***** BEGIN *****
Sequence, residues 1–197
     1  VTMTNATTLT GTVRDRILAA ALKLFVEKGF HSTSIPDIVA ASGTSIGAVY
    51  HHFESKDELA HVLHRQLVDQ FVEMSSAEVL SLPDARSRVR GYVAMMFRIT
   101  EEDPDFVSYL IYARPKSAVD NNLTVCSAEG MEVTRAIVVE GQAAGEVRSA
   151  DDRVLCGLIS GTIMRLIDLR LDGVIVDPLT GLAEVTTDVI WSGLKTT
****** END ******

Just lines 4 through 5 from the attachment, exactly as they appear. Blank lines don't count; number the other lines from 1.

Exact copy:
   101  EEDPDFVSYL IYARPKSAVD NNLTVCSAEG MEVTRAIVVE GQAAGEVRSA
   151  DDRVLCGLIS GTIMRLIDLR LDGVIVDPLT GLAEVTTDVI WSGLKTT